Gas Tank Repair

Discussion in 'Motorbike Technical Discussion' started by davebz1a, Jan 2, 2005.

  1. davebz1a

    davebz1a Guest

    I have a 74 Kawasaki Z1 that the gas tank is rusting on the inside. I
    noticed this when winterizing it this year. I usually fill it up to
    the top and add the proper amount of Stable, but seeing the rust this
    year I took the tank off and drained it completely. Does anybody have
    any suggestions on how to treat this tank? Dave
     
    davebz1a, Jan 2, 2005
    #1
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  2. davebz1a

    Diablo Guest

    You can do one of two things...
    1) Coat the inside yourself with a product like Kreem or POR-15 (I use
    POR-15 myself)...You must follow the directions explicitly for it to be
    effective...You first remove as much loose scale as you can by filling the
    tank with aquarium gravel, or a couple of cups of nuts and bolts, and
    shaking the tank vigourously for as long as you can stand it...then rinse
    and dry the tank...then treat the tank with degreaser, and rinse and dry
    again...then acidize the tank, and rinse and dry again...bone dry !!...If
    it's not bone dry, the treatment will not adhere, so you need to circulate
    warm air with a hair dryer, or vacumn cleaner...then treat the tank with
    sealer, and let it cure for at least 72 hours, or to the products
    specifications.

    2) Take it to a radiator repair shop, and have them derust and coat
    it...It's more expensive (about $85.00 US vs $40.00 US), but a lot less
    labor intensive, and if they screw it up, you can make them fix it.
     
    Diablo, Jan 2, 2005
    #2
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  3. Nice bike Dave.

    Simple answers.

    Buy some Milk Stone remover, fill tank let set for a day or
    two. Pour back into original container(reusable) You now
    have a clean tank with a nice protective layer.

    Or

    Buy some POR15 and follow the directions. WARNING, using
    either technique MAY show you problems such as pinholes that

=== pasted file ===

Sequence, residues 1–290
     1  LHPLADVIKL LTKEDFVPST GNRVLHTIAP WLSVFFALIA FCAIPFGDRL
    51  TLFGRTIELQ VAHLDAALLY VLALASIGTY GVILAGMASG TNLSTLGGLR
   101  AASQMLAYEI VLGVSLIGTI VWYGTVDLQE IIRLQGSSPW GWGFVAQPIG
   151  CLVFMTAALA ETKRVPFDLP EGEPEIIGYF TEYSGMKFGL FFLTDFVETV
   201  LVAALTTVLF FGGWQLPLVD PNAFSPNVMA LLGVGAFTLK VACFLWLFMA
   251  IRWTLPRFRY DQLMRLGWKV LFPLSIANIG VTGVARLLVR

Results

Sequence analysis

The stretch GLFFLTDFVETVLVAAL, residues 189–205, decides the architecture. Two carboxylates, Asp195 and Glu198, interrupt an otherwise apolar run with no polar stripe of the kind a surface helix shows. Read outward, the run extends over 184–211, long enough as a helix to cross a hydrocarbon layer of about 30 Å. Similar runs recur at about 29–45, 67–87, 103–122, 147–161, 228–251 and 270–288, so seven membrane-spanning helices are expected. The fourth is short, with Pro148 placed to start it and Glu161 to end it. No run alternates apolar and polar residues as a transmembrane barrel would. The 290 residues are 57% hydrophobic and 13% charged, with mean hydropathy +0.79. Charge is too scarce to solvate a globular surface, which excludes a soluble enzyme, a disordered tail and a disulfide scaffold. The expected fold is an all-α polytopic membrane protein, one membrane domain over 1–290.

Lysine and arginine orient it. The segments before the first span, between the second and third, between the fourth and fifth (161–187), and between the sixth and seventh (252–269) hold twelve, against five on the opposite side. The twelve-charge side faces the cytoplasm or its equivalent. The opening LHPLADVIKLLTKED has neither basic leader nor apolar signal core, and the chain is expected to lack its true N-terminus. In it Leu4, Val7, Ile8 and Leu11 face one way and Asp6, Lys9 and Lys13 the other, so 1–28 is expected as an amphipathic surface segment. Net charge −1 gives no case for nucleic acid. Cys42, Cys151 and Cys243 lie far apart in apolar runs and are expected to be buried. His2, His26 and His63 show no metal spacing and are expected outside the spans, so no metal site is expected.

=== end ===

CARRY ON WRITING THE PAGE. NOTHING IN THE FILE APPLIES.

you were unaware of. Yes you can fix those, no I wont tell
    you how. Far better to find a welder or radiator shop
    willing to do the work.


    --
    Keith Schiffner
    "I was just out walking my rat and seem to have got lost."
    J. Bond
    Dum vivimus, vivamus
    <:(3 )3~ <:(3 )3~
    <:(3 )~ <:(3 )~
    http://community.webshots.com/user/sciffners
     
    Keith Schiffner, Jan 2, 2005
    #3
  4. davebz1a

    bowman Guest

    Or phosphoric acid from the Home Depot concrete section, if cows aren't
    popular in your neighborhood.
     
    bowman, Jan 2, 2005
    #4
  5. I just finished a POR-15 treatment and I'm happy with the
    results. About $30.00 and 4 days drying time. If I did it again
    I might spring for some extra phosphoric acid for the cleaning
    and etching step.

    To dry the tank, I clamped a piece of metal tubing on the
    end of a heat gun. This let me blast the tank with hot air
    without destroying the heat gun. I also had a little trouble
    with coating buildup on the tube that the petcock screws into.
    I had to scrape some excess coating away in order to refit the
    petcock. Other than that, things went pretty smoothly just
    following the product directions.
     
    Rob Kleinschmidt, Jan 2, 2005
    #5
  6. davebz1a

    Paul Cassel Guest

    milk stone is the white deposit left by hard water. The same acid which
    removes that will also remove rust.
     
    Paul Cassel, Jan 2, 2005
    #6
  7. davebz1a

    Dave Best Guest


    Thanks for all the advice. I don't want to go too crazy, because I
    don't want to disturb the paint; It's that green metallic with yellow
    stripes. I'll take a good look inside with a mirror and a bright
    light.
     
    Dave Best, Jan 3, 2005
    #7
  8. davebz1a

    biker trash Guest

    I agree with the Kreem fix. I have done many tanks with that stuff, and it
    works. If you do it right, it will last for ever. its about $30.00 at the
    bike shops.
    Just make sure you buy a small cork to put in the petcock hole. That way
    you wont fill up the threads. Same with the gas gauge hole if you have one.
     
    biker trash, Jan 4, 2005
    #8
  9. I don't think the POR-15 treatment disturbed any paint, though
    my bike has a finish that in the decorating business might be
    described as "the distressed look".
     
    Rob Kleinschmidt, Jan 5, 2005
    #9
  10. davebz1a

    Diablo Guest

    No harm done to mine
     
    Diablo, Jan 5, 2005
    #10
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